This book is about the Java(TM) language and programming environment. If you've been at all active on the Internet in the past few years, you've heard a lot about Java. It's one of the most exciting developments in the history of the Internet, rivaling the creation of the World Wide Web. Java became the darling of the Internet programming community as soon as the alpha version was released. Immediately, thousands of people were writing Java applets to add to their Web pages. Interest in Java only grew with time, and support for Java in Netscape Navigator guaranteed it would be a permanent part of the Net scene.
What, then, is Java? Java is a language for network programming that was developed by Sun Microsystems. It's already in widespread use for creating animated and interactive Web pages. However, this is only the start. The Java language and environment are rich enough to support entirely new kinds of applications, like dynamically extensible browsers and mobile agents. There are entirely new kinds of computer platforms being developed around Java (handheld devices and network computers) that download all their software over the network. In the coming years, we'll see what Java is capable of doing; fancy Web pages are fun and interesting, but they certainly aren't the end of the story. If Java is successful (and that isn't a foregone conclusion), it could change the way we think about computing in fundamental ways.
This book sets out to give you a head start on a lot of Java fundamentals. Exploring Java attempts to live up to its name by mapping out the Java language, its class libraries, programming techniques, and idioms. We'll dig deep into interesting areas, and at least scratch the surface of the rest. Other titles in the O'Reilly & Associates Java Series will pick up where we leave off and provide more comprehensive information on specific areas and applications of Java.
Whenever possible, we'll provide meaningful, realistic examples and avoid cataloging features. The examples are simple but hint at what can be done. We won't be developing the next great "killer Internet app" in these pages, but we hope to give you a starting point for many hours of experimentation and tinkering that will lead you to learn more on your own.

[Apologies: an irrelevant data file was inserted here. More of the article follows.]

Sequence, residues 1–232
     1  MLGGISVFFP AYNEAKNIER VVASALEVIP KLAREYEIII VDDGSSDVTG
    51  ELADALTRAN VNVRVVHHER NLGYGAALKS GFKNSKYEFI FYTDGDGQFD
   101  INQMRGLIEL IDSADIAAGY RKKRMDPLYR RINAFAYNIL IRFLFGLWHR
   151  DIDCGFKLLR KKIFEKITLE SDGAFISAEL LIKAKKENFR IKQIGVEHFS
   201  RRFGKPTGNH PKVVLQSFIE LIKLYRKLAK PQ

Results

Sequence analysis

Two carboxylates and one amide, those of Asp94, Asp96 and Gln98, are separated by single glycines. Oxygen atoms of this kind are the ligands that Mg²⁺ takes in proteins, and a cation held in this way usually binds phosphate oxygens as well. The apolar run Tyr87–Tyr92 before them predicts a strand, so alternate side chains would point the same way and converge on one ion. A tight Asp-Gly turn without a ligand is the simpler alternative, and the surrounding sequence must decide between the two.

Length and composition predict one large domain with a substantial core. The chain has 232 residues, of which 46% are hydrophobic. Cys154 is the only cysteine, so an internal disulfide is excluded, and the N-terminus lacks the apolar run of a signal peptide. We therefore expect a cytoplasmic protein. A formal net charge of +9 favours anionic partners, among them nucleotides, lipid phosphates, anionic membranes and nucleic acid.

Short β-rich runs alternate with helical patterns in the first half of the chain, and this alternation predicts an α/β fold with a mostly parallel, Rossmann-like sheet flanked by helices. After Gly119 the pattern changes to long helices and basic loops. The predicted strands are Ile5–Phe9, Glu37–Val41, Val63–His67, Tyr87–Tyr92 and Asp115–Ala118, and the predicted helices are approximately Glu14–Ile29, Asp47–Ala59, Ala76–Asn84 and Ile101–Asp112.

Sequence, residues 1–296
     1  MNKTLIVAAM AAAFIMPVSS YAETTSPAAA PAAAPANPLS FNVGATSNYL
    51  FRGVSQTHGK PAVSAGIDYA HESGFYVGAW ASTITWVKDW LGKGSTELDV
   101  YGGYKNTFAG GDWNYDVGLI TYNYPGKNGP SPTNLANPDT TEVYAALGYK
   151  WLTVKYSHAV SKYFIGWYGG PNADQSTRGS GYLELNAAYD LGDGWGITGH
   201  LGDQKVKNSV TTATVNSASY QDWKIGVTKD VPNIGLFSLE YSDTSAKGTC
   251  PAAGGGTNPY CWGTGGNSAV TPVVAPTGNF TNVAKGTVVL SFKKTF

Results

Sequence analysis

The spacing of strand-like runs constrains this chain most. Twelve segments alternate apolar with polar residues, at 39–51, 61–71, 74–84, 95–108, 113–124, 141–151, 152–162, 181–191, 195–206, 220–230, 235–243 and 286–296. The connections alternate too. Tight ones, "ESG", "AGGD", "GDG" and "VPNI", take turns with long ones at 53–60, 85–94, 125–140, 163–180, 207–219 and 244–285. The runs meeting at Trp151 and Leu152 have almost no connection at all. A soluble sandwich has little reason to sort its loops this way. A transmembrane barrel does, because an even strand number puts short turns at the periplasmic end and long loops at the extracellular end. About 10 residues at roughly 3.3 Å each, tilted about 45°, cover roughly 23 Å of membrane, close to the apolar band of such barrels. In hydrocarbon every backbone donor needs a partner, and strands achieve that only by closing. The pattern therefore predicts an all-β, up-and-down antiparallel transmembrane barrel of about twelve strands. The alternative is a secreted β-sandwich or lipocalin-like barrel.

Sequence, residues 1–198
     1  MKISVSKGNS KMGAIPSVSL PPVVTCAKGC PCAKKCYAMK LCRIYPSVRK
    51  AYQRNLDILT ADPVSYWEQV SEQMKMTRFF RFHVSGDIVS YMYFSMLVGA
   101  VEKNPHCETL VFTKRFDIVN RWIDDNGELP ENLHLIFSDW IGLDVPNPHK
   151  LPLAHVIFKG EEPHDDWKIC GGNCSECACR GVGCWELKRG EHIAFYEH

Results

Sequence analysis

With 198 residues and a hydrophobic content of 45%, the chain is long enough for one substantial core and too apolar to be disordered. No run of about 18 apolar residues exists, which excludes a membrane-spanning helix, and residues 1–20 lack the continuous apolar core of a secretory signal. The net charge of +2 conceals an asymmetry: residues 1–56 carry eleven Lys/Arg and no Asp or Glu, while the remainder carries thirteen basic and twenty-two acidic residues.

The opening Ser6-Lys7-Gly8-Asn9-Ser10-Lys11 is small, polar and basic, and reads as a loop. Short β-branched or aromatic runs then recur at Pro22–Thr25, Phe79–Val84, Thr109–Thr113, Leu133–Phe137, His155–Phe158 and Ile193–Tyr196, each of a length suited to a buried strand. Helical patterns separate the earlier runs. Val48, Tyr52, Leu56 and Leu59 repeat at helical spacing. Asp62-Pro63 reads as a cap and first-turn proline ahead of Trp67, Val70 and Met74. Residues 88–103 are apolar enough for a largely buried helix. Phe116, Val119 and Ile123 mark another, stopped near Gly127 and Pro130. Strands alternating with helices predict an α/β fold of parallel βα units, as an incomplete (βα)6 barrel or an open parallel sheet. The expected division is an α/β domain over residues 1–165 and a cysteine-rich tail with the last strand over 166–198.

A lot has happened in the year since the first edition of this book. We're now up to release 1.1.3 of Java, which has many more features than the 1.0 release. Java 1.1 adds many, many new features, in addition to many extensions, to the features of Java 1.0. It's clear that Java is changing the way we think about computing in fundamental ways; we don't regret that prophecy at all. It's becoming more and more clear as time goes on that Java is central to the way software will be written in the future.
This second edition of Exploring Java tries to give you the flavor of Java 1.1. We have uncompromisingly rooted out all deprecated features from Java 1.0 in favor of the newer ways of doing things. For example, the chapters covering AWT all use the new Java 1.1 event model; we will mention the 1.0 event model only to describe the motivation for the new model and to illustrate some differences. The current tools are far superior to the old ones; we see no need for nostalgia.
There is a great deal of new material in this edition of the book. We have rearranged things a bit, adding seven new chapters. The new material expands coverage from the first edition and adds many completely new topics like Java Beans, RMI, and the new AWT event model. Java is growing by leaps and bounds; but as much as we want to cover it all, we have tried to keep this book to a size that's managable and readable.